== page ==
Over the past week or so, as I’ve thought about the prehistory and early days of Television Obscurities, I found it somewhat ironic that so little of the websites that eventually evolved into Television Obscurities remain. At some point in the future, if it isn’t happening already, cultural historians will lament the fact that so many websites have disappeared forever. By 1996 there were some 100,000 websites in existence. How much evidence of them still survives? But I digress.
Although I use June 11th, 2003 as the launch date for Television Obscurities, in reality it can be traced back to the late 1990s. I don’t know exactly when but at some point in 1999 I began building a personal database of television shows. It was never intended to be put online so I freely copied information from a variety of resources. I called this database “The Archive of Television Shows.” I last updated it in May 2000.
I barely remember what “The Archive of Television Shows” looked like. I built it using Microsoft Frontpage. I do recall it utilized frames. I think it had entries for a hundred shows or so. The New People was one of them. Although I kept it until at least 2003, I can no longer find any trace of it. I have switched computers so many times over the past 15 years its not surprising that it disappeared.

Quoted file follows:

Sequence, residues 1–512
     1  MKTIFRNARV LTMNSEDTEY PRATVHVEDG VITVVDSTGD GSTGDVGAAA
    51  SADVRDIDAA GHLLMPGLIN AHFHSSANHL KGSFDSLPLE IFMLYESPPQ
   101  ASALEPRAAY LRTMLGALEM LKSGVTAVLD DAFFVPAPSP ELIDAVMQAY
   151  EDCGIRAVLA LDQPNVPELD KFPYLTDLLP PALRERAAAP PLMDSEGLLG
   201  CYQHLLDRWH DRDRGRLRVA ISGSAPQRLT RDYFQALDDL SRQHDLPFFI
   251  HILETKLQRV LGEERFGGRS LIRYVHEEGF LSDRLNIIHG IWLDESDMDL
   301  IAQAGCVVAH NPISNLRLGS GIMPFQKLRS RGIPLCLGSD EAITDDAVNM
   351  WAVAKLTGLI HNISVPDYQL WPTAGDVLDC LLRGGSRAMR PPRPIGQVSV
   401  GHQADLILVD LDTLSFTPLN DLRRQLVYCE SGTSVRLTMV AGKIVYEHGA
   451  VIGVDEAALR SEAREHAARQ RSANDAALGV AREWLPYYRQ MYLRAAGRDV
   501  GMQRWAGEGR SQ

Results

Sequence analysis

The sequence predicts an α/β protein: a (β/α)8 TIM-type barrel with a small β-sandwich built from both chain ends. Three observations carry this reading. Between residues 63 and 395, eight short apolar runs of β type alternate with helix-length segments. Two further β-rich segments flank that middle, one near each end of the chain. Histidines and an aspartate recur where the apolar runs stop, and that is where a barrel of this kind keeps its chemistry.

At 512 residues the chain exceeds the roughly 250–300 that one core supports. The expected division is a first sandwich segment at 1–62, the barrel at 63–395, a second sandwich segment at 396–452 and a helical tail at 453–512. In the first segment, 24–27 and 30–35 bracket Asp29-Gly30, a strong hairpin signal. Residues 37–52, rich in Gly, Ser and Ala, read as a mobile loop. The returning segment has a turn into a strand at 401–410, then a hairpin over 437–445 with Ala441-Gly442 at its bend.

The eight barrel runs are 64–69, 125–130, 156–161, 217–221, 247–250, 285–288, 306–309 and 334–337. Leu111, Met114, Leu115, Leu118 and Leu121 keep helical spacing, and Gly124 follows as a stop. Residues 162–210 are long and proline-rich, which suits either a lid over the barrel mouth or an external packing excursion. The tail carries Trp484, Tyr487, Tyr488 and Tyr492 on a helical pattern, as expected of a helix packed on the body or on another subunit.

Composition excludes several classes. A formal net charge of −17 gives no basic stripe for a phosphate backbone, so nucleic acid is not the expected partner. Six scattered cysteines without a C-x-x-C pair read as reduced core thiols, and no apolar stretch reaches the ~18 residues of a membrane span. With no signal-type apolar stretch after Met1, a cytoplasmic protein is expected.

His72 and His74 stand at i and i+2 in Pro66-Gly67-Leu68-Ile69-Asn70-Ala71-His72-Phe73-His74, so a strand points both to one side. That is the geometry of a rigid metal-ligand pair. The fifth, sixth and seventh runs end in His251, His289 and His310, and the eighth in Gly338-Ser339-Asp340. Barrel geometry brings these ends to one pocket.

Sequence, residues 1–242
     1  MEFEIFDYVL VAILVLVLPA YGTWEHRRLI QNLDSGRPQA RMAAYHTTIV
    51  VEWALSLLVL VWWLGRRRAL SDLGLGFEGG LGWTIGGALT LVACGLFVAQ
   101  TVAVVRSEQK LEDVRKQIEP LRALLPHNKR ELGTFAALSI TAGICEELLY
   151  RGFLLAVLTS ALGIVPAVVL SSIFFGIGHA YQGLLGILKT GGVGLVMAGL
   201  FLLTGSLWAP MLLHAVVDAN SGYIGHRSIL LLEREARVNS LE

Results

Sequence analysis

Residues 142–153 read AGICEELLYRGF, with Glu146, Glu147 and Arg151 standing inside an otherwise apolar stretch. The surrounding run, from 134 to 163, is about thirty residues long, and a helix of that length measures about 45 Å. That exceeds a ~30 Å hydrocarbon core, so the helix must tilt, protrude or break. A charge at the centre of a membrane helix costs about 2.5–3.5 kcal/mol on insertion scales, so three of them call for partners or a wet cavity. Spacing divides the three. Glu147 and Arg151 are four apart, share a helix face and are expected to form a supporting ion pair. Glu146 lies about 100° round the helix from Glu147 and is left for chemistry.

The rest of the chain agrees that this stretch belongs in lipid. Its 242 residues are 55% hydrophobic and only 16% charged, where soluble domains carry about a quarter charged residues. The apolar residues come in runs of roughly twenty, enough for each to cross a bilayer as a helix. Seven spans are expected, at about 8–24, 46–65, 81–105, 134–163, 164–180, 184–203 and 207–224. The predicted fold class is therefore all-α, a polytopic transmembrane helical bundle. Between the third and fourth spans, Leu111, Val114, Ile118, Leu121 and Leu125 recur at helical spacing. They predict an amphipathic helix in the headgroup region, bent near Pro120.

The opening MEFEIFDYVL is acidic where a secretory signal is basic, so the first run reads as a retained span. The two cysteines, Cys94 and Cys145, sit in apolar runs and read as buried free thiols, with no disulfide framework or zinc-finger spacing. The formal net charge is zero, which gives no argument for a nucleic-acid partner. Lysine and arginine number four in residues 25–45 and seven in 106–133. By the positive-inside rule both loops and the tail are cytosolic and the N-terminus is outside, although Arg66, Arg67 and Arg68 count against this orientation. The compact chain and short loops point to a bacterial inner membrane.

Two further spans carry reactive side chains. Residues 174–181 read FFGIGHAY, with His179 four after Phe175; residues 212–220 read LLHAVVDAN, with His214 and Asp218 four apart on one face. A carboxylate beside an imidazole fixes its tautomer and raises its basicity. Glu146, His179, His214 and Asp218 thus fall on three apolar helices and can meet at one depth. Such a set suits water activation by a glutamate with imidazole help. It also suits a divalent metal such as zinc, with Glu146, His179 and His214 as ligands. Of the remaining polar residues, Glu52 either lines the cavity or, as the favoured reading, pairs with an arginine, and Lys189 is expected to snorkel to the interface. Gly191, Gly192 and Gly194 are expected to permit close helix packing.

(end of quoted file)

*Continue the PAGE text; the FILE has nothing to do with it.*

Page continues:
In October 2000 I launched a website called “Forgotten Television.” I think it was hosted at Geocities, at least at first. Most of my websites were hosted by Tripod. I have no idea what this site looked like or what sort of shows were included. I renamed it “Television That Time Forgot” in November 2001 but again, I have absolutely no recollection of what sort of information it contained.
In February 2001 I also launched a standalone website dedicated to The New People It was last updated in early 2002. I do have several copies of this site saved on my computer. Here’s a screenshot of how it originally looked:
At one point around 2001/2002 I was running six different websites, most dedicated to various television shows. There were at least three or four others I started but never actually put online. It was an interesting time in my life.
I gave up on “Television That Time Forgot” in early 2002 for reasons I can’t remember and started working on something called “The Forgotten Television Portal” that never really got off the ground. I don’t know if it ever went online. I do still have a few banners I made for the site.
The original version of Television Obscurities was launched in November 2002 with just five articles. It also had a message board, a reader survey and a monthly poll. I didn’t save a copy but here’s what it looked like in December 2002, courtesy of the Internet Archive Wayback Machine (all the pictures are missing):
You can’t read it but there’s a notice that says “Currently the site is still in it’s early stage.” For the record, the five articles were “The Baileys of Balboa,” “From Themesong To Hit Single,” “The Batgirl Promotional Short,” “”The Greatest American Heroine Pilot,” and “‘Let’s get together next…’ ABC’s Ill-Fated 1970 Fall Season TV Guide Ads.”
I apparently decided to place this version of Television Obscurities on hiatus shortly after launching it because I didn’t have any additional content. It relaunched on June 11th, 2003 and that is the anniversary I’m celebrating this week.
Check back tomorrow for Part 2 of the History of Television Obscurities.